COLUMBUS, GA (WTVM) – An Army family and a Chattahoochee Valley animal rescue are now at odds over a 1-year-old American Bulldog mix named Spot.
Thomas Hoffman, of the Tri-County Animal Rescue located in Mauk, GA, said Blake and Ashley Lechner surrendered their young dog, Spot, to the nonprofit animal rescue on Nov. 7.
The Lechner family says they surrendered the dog, but quickly regretted it – but the animal rescue says the couple was not forthright with their reasons giving him up. Now the family, stationed on Fort Benning, and the family-owned animal rescue are offering differing accounts of the incident on social media.
On the surrender form, the family listed the reason for the surrender as not being leash trained and problems with their other dog, another bully breed. Hoffman said that Spot seemed so traumatized when he was dropped off, that he was shaking and needed to be carried inside their facility.
"His description of the dog's behavior in the home set off red flags," Hoffman said. "He feared for his children's safety and surrendering him was his only option left since no other rescues were willing to step forward to help him."
Hoffman said Blake Lechner's 2016 Permanent Change of Station was not listed as a reason.
The Furr Legal Group, the law firm representing the Lechners, confirmed what was reported to Atlanta TV station WAGA on Nov. 10 that the surrender was due to the family's Permanent Change of Station. A collection of social media posts surfaced allegedly written by both Blake and Ashley Lechner saying that the dog was surrendered because he was hyper and jumped on their baby.
On a GoFundMe page set up by Ashley Lechner, the couple lists their reasons for surrendering Spot was because of a 2016 deployment to South Korea. She writes that they were "panicked" and "thought…maybe us going alone would be best."
"We have two dogs, we decided maybe it would be best for us to get spot a new home," Ashley Lechner wrote. "My husband surrendered him to the Tri-County Animal Rescue and within a short amount of time we realized I would be able to move back home to Pennsylvania while he is in Korea. We called/messaged the shelter to get Spot back willing to pay anything they ask. They didn't even give us a chance with their grace period."
She says the family was not given their 12-hour window granted by the shelter to change their mind, and that the shelter refused to return Spot to them. The story continues that the family would do anything to get Spot back, and the fundraising would be used for legal fees.
Penny Furr, with Furr Law Group in Decatur, spoke for the Lechners when they were reached for comment. Furr said that Ashley and Blake, who are 23 and 21 years old, respectfully, were young and naïve in surrendering Spot, and the commitment of deployment and their young family left them overwhelmed.
"We were convinced that they are good, honest people and they really want this dog," Furr said. "Numerous families are overwhelmed with dogs and do the wrong thing. The Lechners did the right thing."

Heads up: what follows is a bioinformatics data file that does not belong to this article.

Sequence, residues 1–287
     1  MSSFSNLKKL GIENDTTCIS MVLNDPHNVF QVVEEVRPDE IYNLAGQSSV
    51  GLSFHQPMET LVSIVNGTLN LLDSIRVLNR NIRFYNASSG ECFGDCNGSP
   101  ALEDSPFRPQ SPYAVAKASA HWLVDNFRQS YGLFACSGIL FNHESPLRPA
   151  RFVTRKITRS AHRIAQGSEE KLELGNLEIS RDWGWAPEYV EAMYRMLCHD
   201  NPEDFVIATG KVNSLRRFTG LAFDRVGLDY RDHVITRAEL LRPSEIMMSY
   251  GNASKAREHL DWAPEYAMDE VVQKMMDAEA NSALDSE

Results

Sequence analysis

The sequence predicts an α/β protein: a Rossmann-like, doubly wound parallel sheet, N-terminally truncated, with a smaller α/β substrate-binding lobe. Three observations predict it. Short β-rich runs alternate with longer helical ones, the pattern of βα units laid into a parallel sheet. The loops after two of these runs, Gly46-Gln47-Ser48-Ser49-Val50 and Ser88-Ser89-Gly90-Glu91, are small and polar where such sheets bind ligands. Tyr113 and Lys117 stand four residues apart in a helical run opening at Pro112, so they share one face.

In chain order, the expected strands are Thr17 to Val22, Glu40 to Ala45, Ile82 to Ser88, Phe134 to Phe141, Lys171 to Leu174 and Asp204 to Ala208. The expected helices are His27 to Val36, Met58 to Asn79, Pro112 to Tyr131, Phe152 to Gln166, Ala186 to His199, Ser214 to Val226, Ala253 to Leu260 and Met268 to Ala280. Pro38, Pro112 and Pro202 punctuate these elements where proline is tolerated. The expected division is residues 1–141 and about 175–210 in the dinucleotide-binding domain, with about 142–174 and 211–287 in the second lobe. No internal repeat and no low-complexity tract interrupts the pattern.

Furr said following the surrender of Spot, the Lechner's son was heartbroken that he was gone.
But Hoffman said the shelter did not return Spot because of the reasons the Lechner's listed on their surrender form. He said he would have given Spot back, but the red flags and the Lechner's dishonesty is what led to the shelter keeping him.
"Morally we are wrong returning an animal that could harm a child, when it was brought in for just that reason. We have to be the responsible party," Nadine Butler, Hoffman's sister, wrote in a Facebook post on the Tri-County Animal Rescue's page.
Hoffman said Spot is still at their animal shelter and will not be up for adoption until the results of a temperament test return. Spot is a young dog, Hoffman said, and will need strong training and development before the adoption process begins.
In a Google cache of their Facebook page for Fort Benning Animal Shelter, it shows that Spot was an "owner surrender" that was "adoptable" before the post was deleted; the page was also deactivated due to an outpouring of negative comments about their handling of Spot.
Hoffman also wants what's best for Spot, and wants to act on the best judgment for the dog.
As for the Lechners, Furr said they will file legal actions in the Superior Court of Chattahoochee County for fraud and breach of contract. Furr claims that the Tri-County Animal Rescue is also acting as the animal control on post, and they shouldn't be. Furr also mentioned the clear difference between a shelter and a rescue, and said the Lechners believed the rescue was acting as a "government shelter."
As of Monday, there have been no legal actions made on this matter.
But Hoffman clarified, saying the military police pick up stray dogs on Fort Benning and they are contacted as a result, per a contract. Hoffman further detailed their relationship on post, stating that the Tri-County Animal Rescue maintains the facility, but do not catch dogs.
Hoffman says Spot was surrendered to Tri-County Animal Rescue, as denoted on their surrender form signed by Blake Lechner.
On a post to their Facebook page on Tuesday, Tri-County Animal Rescue said that due to the amount of threats they've received on social media, they will not be disclosing Spot's location at this time.
Also of note, the U.S. military has strict guidelines on what types of pets are allowed on post. These guidelines are especially specific about breeds and on-post registration of those pets.
Those guidelines include breed restrictions, and banned breeds on post include pit bulls, including American Staffordshire Terriers, Rottweilers, Chow Chows, Doberman Pinschers, and wolf hybrids.